The Biden Administration has just released Said bin Brahim bin Umran Bakush, a suspected Al Qaeda instructor. The terrorist was returned to Algeria on Thursday after being held at the U.S. naval base at Guantanamo Bay for two decades.
“The United States appreciates the willingness of the Government of Algeria, and other partners to support ongoing U.S. efforts toward a deliberate and thorough process focused on responsibly reducing the detainee population and ultimately closing the Guantanamo Bay facility,” the Pentagon said in a statement.
According to the New York Times, Bakush is the sixth Guantanamo prisoner released in the past six months; an effort to reduce the population and eventually shut down the facility. A DOD review board determined Bakush was eligible for transfer on April 13, after Secretary of Defense Lloyd Austin notified Congress of his intent to repatriate the detainee in February, according to the statement.
The Daily Caller News Foundation reports:
Bakush is one of the last detainees to be released among a group of 20 suspected low-level Islamist fighters captured in a 2002 raid on facilities U.S. and Pakistani authorities believed Al Qaeda was using as safe houses, according to The New York Times. The Department of Defense (DOD) reached an agreement with Algeria to transfer Bakush, originally thought to hail from Libya, subject to continued monitoring, travel restrictions and security conditions, the statement said…
…All 20 operatives swept up the raid on Faisalabad dwellings were detained in Guantanamo, but only one remains as of Bakush’s transfer, the NYT reported.
U.S. forces initially identified Bakush as Ali Abdul Razzaq from Libya, but he later claimed to be from Algeria and gave his name as Said Bakush, the NYT reported.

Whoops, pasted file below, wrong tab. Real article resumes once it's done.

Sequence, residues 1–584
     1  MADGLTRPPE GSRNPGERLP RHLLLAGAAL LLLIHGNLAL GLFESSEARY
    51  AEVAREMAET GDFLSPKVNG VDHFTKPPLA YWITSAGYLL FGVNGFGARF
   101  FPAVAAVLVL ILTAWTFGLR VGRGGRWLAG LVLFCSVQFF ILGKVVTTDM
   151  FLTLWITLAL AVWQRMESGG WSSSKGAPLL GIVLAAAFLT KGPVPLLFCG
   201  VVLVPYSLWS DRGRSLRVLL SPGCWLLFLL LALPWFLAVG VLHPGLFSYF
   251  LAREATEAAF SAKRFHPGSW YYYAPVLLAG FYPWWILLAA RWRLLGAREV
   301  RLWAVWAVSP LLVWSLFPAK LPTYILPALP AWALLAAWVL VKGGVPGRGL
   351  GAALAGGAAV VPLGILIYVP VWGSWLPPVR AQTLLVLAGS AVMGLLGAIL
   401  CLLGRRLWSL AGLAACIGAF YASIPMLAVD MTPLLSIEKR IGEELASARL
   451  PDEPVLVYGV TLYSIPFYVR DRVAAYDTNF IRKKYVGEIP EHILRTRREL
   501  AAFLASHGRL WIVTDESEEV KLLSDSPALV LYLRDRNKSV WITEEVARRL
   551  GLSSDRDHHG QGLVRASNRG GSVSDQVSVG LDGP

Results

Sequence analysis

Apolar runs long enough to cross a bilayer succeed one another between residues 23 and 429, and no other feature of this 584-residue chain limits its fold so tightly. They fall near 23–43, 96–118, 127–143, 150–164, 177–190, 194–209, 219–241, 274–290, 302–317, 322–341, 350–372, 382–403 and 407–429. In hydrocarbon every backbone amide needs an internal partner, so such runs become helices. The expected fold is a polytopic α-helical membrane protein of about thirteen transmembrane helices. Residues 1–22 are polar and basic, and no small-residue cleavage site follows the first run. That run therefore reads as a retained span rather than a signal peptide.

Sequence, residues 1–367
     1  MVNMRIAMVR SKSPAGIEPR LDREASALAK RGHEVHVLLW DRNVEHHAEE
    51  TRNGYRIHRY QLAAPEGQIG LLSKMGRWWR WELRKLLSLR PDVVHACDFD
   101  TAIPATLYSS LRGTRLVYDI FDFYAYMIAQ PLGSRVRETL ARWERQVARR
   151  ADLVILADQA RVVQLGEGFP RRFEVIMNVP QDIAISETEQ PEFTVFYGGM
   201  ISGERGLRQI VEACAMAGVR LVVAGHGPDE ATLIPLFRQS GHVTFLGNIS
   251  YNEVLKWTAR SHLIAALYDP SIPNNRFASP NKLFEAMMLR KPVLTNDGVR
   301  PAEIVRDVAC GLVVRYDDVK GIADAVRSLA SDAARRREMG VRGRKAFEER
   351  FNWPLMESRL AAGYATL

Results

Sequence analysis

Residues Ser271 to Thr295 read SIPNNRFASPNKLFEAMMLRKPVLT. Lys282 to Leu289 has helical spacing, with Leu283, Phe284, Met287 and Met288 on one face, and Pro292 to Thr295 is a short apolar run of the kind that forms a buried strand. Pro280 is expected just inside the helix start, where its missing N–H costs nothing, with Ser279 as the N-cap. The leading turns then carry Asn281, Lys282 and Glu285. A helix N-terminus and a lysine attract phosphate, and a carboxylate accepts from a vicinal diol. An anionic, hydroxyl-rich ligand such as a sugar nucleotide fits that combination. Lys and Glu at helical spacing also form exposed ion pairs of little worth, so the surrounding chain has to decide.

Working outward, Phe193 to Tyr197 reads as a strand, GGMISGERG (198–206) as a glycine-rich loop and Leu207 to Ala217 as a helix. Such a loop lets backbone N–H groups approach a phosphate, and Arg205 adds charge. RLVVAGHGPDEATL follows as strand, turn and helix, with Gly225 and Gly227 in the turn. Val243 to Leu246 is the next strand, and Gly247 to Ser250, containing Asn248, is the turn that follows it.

Bakush became increasingly reclusive during his two decades as prisoner, boycotting hearings to determine his suitability for release and in 2017 or 2018 refusing to speak with his lawyer, H. Candace Gorman, according to the NYT. He huddled in his cell at Camp 6, a building where more pliant detainees are permitted to eat, pray and watch TV together.
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Mental health crisis spikes among Afghan women after Taliban regained control two years ago
The women of Afghanistan are suffering a mental health crisis since the Taliban regained power two years ago. According to a joint report from three U.N. agencies released Tuesday, approximately 70% of women experience feelings of anxiety, isolation and depression.
The numbers continue to rise, as there has already been a significant jump between April and June of this year alone, with an increase from 57% the preceding quarter.
The report, conducted by U.N. Women, the International Organization for Migration and the United Nations Assistance Mission in Afghanistan, interviewed women online, in-person and in group consultations as well as individual telesurveys.
592 Afghan women in 22 of Afghanistan’s 34 provinces took part in the study. The Associated Press reports:
They have barred women from most areas of public life and work and banned girls from going to school beyond the sixth grade. They have prohibited Afghan women from working at local and non-governmental organizations. The ban was extended to employees of the United Nations in April.
Opportunities to study continued to shrink as community-based education by international organizations was banned and home-based schooling initiatives were regularly shut down by the de facto authorities — a term use by the U.N. for the Taliban government.
Afghanistan is the only country in the world with restrictions on female education and the rights of Afghan women and children are on the agenda of the United Nations General Assembly in New York.
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